Cultural nuances of the gun debate
By SCOTT RASMUSSEN
A recent Politico headline shouted a message that liberal Democrats were longing to hear: “Gun control support surges in polls.” Given the fact that Republicans are generally opposed to strict gun controls, that seems like it should be a boost for the Democrats in the midterm election.
Despite that, many Democratic strategists worry that the gun control issue could backfire. Part of this concern stems from the fact that many Senate races are being held this year in GOP friendly states like West Virginia, Indiana, Missouri and North Dakota. Democrats talking gun control in those states could hand victories to the other team.
But, even beyond certain states, buried in the Politico article is the fact that voters trust Republicans more than Democrats on the gun issue. Forty-one percent trust the GOP while 37 percent prefer the Dems. That may seem odd given apparent support for increased gun control, but the polling also showed that a plurality of Americans believes protecting the right of citizens to own guns is more important than limiting gun ownership.
The Democratic woes on this topic are probably the result of cultural differences more than narrow political positions. They simply don’t know how to talk to gun owners.
Most Republicans and half of all independents live in a household with a gun. According to Pew Research, just 25 percent of Democrats do the same. Guns are very rare in heavily Democratic urban areas, very common in Republican rural America, and fairly common in the contested suburbs.
Culturally, this means the Democrats live in a social circle where few own guns and many view them as an unmitigated evil with no redeeming qualities. Following a horrific mass shooting, they wonder when the rest of America will wake up and agree with them.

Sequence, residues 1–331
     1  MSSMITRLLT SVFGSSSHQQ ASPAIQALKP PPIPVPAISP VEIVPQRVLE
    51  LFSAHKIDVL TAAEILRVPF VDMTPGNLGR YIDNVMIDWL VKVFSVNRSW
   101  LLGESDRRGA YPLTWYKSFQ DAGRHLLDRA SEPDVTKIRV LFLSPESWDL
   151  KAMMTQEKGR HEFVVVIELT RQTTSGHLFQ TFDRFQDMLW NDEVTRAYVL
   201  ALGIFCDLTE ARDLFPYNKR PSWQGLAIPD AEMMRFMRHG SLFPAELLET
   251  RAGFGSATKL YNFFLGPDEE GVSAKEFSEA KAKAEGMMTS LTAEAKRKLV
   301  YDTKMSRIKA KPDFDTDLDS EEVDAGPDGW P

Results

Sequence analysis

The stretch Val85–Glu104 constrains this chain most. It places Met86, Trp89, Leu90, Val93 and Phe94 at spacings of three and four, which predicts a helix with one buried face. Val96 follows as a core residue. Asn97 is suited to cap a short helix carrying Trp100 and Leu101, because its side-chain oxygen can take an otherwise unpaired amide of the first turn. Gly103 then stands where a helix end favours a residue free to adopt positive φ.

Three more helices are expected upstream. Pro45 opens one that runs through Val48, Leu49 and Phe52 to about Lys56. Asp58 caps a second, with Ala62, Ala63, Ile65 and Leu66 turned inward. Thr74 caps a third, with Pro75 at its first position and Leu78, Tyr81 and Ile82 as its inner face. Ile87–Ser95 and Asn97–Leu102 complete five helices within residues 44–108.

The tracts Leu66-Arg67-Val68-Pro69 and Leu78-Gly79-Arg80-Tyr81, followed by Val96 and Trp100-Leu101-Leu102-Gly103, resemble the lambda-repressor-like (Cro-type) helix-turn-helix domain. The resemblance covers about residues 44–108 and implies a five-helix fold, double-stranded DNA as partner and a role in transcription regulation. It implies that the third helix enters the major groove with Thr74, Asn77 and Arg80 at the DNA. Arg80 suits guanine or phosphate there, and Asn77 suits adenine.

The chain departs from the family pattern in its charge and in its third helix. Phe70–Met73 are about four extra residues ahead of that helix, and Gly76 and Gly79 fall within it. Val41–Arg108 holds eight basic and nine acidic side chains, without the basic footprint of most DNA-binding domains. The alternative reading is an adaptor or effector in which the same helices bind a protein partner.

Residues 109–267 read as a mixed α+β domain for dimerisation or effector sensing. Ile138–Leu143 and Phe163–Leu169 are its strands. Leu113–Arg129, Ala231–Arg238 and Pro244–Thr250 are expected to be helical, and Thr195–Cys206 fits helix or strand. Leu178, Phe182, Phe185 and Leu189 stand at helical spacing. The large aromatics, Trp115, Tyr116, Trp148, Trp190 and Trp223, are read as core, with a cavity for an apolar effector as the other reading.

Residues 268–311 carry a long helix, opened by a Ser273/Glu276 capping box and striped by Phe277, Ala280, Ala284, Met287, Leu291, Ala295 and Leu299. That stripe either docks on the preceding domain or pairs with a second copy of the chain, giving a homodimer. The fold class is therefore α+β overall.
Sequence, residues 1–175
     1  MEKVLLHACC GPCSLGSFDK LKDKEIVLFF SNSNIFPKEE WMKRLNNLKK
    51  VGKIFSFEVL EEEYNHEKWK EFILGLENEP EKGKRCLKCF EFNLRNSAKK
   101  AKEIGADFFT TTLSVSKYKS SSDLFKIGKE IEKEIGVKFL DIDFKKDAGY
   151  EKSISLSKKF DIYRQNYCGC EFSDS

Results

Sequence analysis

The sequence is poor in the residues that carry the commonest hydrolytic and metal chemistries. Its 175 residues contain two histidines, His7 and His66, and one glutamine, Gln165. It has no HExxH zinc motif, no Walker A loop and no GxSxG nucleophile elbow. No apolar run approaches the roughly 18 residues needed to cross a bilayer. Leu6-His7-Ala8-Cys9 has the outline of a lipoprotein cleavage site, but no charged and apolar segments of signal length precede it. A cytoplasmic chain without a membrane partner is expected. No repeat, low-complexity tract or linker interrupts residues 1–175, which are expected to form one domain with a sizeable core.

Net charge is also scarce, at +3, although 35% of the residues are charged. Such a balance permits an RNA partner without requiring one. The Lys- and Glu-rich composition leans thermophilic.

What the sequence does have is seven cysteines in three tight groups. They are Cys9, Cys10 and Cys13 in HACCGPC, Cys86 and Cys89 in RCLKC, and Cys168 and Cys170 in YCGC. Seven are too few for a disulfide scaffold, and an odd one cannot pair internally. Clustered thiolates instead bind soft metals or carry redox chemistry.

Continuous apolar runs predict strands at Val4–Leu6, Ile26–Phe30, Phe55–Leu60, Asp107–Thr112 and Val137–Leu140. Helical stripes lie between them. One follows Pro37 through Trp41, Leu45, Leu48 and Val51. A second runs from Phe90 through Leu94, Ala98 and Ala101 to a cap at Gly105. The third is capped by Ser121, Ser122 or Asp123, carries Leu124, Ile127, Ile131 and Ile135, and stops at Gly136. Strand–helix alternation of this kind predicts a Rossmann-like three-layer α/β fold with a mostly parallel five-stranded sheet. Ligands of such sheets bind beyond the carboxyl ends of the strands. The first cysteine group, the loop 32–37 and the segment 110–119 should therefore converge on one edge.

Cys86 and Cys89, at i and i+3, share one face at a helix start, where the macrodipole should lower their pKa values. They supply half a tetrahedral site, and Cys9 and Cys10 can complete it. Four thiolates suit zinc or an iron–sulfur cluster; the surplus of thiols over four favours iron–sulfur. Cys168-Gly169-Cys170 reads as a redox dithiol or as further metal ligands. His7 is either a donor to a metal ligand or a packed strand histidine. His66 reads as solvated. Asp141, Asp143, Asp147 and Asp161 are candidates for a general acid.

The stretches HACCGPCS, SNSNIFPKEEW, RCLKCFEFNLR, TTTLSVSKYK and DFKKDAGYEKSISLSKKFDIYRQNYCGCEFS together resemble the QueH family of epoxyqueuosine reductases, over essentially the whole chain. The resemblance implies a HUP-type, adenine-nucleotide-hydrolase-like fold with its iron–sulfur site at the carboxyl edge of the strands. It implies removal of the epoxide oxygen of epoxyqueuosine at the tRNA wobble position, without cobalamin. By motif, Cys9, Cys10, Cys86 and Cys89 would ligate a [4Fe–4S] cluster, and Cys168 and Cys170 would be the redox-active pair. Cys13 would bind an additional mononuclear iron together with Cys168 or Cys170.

But most Americans have a more nuanced view. Rather than seeing guns as evil, 67 percent of gun owners say a primary reason they have a gun is for protection. Yes, they know that guns can cause problems, but the thought of giving up their gun makes them feel less safe.
Following a horror like the Parkland shootings, gun owners see children who were left unprotected. According to Pew data, 66 percent of gun owners believe teachers and other officials should be allowed to carry guns in elementary, middle, and high schools.
The polling data can’t possibly capture all the nuances of this discussion. Some people might think it’s great to have armed security guards at the school but want to keep guns away from teachers. Others might have different views. But the fact remains that many Americans believe both that guns can do great damage and are also essential for protection.
Importantly, regardless of the specific details, most Americans see that there are positive benefits to owning a gun. In fact, even half (52 percent) of non-gun-owners can see themselves owning a gun in the future.
In raw political terms, this helps explain how polls can show strong support for certain gun control measures while also showing that voters trust Republicans more on the issue. Many current and future gun owners can support modest restrictions such as background checks and waiting periods. But they get nervous with politicians who sound like such restrictions are only the first step to getting rid of all guns.